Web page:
The company now plans to demonstrate “perpetual flight” using regenerative hydrogen-based fuel cells to power an airplane at night, using hydrogen obtained by electrolyzing water from excess daylight solar power. The water produced by the fuel cells will be stored and then reconverted into hydrogen the following day from excess solar power in a cycle repeated every 24 hours.

    Several electrically assisted, self-launching single-place gliders that can climb for up to 9 minutes with onboard battery power have also been developed in Europe over the last five years. The most significant of these is the Air Energy model AE-1 Silent electric glider. This unique self-launched glider uses a 13-KW conventional brush-type electric motor with a NiCd battery pack. (Eric Raymond at Solar Flight in California currently holds most of the manned electric flight records including distance of 247 miles and altitude of 16,600 feet.)

    Electric Propulsion and Hydrogen Fuel Cells

    By combining hydrogen-based fuel cells, which have a significantly higher net system energy density than batteries, to produce electricity to power high-efficiency electric motors for propulsion, a new era of lower cost, quiet, safe, emission-free aviation should be achievable.
    There are, however, numerous issues to resolve, even for basic hydrogen fuel cell use. Source and storage of hydrogen, as well as the cost and complexity of the balance of plant equipment required to properly operate and cool fuel cells are but a few. But over time the cost and complexity of fuel cells will be reduced, making them more attractive for GA aircraft.

    Benefits of Electric Aircraft

    Improved reliability: With only one moving part (motor armature plus propeller) electrically powered aircraft will be less susceptible to failure. Gasoline engines are subject to problems in starting and running properly plus a range of potential operating problems including fouled spark plugs, alternator failure, carburetor icing, vapor lock, or jet clogging. Electric motors have a significantly higher TBO, perhaps as much as 10 times the life of traditional IC engines.
    Advanced electric motors also offer serviceability at a much lower cost, with rapid replacement and greater diagnostic simplicity. This translates to improved reliability and less chance of catastrophic failure. Also, most potential electric motor problems such as bearing failure are predictable with simple monitoring equipment. Related items with higher risk of failure, like the control electronics (motor controllers), could be made redundant with automatic switching to the backup controller if the primary unit failed.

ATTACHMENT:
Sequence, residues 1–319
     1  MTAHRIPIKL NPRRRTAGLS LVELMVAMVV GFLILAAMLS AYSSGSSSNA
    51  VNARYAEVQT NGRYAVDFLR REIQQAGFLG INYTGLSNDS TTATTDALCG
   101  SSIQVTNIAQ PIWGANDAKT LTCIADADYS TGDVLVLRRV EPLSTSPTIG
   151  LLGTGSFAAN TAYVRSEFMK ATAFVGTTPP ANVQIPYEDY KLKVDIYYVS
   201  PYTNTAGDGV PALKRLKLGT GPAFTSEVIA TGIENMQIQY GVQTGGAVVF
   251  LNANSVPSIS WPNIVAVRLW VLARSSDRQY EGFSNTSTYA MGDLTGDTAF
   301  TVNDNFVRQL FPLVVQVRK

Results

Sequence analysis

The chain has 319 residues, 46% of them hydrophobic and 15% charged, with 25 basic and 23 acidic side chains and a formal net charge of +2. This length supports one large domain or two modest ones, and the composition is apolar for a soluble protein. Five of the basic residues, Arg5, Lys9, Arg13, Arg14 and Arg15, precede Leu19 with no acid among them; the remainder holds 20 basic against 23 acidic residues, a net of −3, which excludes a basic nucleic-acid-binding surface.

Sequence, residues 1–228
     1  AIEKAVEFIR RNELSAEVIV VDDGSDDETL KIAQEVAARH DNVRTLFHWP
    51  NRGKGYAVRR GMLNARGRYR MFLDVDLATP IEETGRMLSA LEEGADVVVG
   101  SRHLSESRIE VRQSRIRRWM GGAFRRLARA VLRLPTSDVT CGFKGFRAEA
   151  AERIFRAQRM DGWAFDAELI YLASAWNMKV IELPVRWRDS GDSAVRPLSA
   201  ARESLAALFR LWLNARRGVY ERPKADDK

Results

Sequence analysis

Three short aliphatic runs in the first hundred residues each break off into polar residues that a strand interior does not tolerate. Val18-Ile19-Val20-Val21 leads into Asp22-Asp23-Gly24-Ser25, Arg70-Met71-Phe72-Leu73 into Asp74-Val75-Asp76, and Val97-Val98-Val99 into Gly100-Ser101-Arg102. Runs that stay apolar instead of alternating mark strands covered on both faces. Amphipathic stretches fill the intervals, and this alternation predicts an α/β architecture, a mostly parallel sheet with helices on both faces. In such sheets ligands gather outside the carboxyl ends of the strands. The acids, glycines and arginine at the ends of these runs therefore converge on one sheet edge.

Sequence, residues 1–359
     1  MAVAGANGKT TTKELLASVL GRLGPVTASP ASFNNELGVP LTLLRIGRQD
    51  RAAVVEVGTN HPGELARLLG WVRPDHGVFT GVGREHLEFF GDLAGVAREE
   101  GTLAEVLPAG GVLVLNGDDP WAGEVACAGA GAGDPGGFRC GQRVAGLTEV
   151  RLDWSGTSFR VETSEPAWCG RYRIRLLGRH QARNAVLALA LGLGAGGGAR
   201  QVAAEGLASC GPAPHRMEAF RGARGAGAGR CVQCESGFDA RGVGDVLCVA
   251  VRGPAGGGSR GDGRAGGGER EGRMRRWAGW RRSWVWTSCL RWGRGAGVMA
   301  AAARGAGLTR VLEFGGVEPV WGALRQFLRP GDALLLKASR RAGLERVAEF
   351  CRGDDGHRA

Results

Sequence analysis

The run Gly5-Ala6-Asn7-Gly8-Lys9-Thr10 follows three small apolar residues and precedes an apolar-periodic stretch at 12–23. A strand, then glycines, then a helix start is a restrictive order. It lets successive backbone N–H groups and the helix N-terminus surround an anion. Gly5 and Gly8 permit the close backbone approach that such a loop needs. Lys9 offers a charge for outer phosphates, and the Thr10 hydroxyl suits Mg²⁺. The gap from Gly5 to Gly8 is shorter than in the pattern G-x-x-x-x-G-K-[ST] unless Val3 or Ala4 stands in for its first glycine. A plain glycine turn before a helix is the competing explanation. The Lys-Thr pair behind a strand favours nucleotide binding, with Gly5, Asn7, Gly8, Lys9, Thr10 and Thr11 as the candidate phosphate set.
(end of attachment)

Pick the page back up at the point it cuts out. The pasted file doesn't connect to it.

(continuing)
Improved safety: Although most GA accidents involve pilot error, many such errors relate to fuel quality, fuel exhaustion, or improper engine operation, all of which can be eliminated with electric propulsion systems. For example, when a gasoline engine runs out of fuel, it may be difficult to get the engine primed and restarted in the air, even if a reserve tank is available. Switching to a backup battery would be instantaneous. Many accidents are due to loss of power or sudden engine failure. Most of these emergencies and accidents would be eliminated with electric drive systems due to the simpler operation and overall improvement in reliability. And electric aircraft will be much less likely to catch on fire in the event of a crash.
    Additional features for pilot safety will include an emergency reserve battery capable of operating the motor for 6-10 minutes, backup control electronics, and an electronic diagnostic monitoring system.
    Environmental compatibility: This is one of the biggest benefits of electric propulsion, as electric motors produce virtually no vibration or noise except for propeller noise, which can be reduced significantly with proper design. No fuel is consumed with electric propulsion, so there will be no emission of exhaust gases, fuel leakage or fumes in the cabin. (The use of auxiliary fuel cells could add the requirement for storing hydrogen or methanol, or generating hydrogen on board, which poses potential environmental and safety concerns. However, the only byproduct of fuel cell operation would be water vapor.)
    Thus, electric-powered aircraft should be appealing to environmentalists and people living close to airports. They are potentially a true “green” type of transportation, particularly if the batteries are recharged by solar panels.